As technology continues to become more and more advanced, news readers are often getting their information from somewhere other than a printed newspaper. News can be found all over the Internet, ranging from social networking to online newspapers.
The means by which we read our news today is not the same as how we got news 20 years ago. Young people, especially, who grew up with the Internet are not accustomed to picking up a newspaper and flipping through it; instead, they get most of their news from online websites such as foxnews.com or msnbc.com. Even online newspapers are more popular than the printed newspapers.
In response to the changing times, Ohio Northern is now offering a new multimedia journalism major and minor. Classes in the program teach students a multitude of different aspects of the new media; for instance, a photojournalism class is offered that focuses on the art of digital news
photography as well an overview of the photography and lighting.
The program teaches students what it is really like in the journalism world. Today, news stories are being filmed with iPod touches, and news stories are written on smartphones and tablets. The professors in the program show students what new technology is best for capturing the most that they can wherever they are, such as new iPod filming attachments that have amplified and high-quality cameras.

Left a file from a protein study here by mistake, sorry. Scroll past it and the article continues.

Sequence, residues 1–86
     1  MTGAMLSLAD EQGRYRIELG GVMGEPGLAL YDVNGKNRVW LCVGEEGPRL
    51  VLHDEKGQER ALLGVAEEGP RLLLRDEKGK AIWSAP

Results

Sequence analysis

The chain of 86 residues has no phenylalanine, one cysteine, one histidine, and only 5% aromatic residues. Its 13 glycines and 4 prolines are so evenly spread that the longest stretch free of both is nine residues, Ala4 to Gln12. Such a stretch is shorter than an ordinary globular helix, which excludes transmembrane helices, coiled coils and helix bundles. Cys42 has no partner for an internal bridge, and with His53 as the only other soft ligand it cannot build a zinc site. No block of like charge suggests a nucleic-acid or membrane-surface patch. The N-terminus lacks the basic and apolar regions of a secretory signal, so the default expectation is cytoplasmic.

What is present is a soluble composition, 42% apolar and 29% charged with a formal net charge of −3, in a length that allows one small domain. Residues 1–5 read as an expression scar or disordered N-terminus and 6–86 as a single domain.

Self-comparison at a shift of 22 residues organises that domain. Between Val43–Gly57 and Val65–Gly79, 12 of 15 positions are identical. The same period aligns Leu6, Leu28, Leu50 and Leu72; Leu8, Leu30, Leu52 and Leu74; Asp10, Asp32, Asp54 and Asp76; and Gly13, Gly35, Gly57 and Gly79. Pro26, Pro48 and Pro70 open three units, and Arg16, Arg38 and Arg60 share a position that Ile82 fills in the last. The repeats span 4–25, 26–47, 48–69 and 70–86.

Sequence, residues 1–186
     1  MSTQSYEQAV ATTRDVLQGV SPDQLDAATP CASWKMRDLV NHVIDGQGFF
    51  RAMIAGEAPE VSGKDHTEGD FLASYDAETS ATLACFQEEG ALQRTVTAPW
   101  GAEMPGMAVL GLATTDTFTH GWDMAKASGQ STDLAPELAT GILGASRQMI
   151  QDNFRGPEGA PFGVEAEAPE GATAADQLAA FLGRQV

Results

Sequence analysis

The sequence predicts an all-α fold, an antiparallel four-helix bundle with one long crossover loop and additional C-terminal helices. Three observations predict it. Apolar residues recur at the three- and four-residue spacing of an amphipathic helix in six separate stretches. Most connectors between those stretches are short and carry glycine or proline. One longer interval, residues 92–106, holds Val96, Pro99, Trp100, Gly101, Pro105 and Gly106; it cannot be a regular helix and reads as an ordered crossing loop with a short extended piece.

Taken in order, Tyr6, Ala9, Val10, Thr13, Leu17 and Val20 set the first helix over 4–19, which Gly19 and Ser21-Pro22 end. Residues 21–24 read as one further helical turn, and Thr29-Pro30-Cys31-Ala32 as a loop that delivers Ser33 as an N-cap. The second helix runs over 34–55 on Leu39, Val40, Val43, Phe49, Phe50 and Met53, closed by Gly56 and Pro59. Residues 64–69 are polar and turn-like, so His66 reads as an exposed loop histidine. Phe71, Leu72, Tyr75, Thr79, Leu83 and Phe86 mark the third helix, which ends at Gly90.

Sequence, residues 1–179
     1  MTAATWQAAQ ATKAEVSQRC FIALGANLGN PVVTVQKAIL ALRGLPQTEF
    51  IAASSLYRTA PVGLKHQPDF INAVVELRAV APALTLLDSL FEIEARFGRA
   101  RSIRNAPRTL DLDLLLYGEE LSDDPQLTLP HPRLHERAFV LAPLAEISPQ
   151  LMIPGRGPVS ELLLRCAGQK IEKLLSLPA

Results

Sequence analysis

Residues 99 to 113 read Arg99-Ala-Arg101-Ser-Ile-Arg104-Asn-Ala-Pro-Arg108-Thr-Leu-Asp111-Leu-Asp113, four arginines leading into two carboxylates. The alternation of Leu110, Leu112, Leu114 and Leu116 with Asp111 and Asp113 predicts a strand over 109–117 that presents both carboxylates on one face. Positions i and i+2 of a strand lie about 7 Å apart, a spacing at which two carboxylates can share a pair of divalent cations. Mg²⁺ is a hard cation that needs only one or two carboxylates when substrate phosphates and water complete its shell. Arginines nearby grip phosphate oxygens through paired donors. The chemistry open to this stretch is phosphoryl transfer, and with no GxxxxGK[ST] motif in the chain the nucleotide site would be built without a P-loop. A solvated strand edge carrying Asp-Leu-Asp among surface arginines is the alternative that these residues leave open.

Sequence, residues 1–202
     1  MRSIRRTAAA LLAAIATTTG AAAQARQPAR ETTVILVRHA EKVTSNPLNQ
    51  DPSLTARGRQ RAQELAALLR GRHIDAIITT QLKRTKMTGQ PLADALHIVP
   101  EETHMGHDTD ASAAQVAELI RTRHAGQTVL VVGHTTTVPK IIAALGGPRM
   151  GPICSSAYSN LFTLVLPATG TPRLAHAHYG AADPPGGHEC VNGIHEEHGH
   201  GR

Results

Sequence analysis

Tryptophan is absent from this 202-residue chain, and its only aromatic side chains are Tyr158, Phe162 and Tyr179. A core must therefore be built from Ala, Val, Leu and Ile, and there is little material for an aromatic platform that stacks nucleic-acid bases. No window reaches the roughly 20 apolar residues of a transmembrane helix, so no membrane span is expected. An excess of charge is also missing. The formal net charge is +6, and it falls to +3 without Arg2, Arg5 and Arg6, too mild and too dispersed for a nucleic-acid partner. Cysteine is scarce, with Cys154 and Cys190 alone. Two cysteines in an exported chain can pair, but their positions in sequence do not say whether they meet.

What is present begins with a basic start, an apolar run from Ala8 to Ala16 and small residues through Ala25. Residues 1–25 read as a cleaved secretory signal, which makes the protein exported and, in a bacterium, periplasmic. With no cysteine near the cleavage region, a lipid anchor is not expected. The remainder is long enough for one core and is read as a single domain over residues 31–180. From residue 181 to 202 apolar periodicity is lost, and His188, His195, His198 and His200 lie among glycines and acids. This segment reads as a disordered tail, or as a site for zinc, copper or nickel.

In addition to the new multimedia journalism major, a few other minors have been added to the communication program. A social media minor, now offered at the school, gives the basics of how to make social networking a place to get the news out and how to get the news out in 160 characters. A digital media production minor has been added and picked up by a few students. In this program, students are taught the production process of getting information out onto the Web, from the beginning stages to the final touches.
Though it is a new major, the communications department has high hopes for the new multimedia journalism major. Many journalism students are switching over to the multimedia major simply because it will be more beneficial for their futures in the career of journalism.
When asked how the current students are being adapted into the new major, Professor Richard Gainey spoke of the classes that are helping students get used to the new forms of journalism.
“The Intro to Convergent Media [CAMS 1101] eases the current students into the transition,” Professor Gainey stated. “We spent about a year working on getting the program ready for students.”
The year paid off, considering the easy transition for previous journalism students. The program is a promising option for incoming students as well as students considering the art of journalism. For more information about the major / minors listed in this article, please contact Professor Richard Gainey at firstname.lastname@example.org.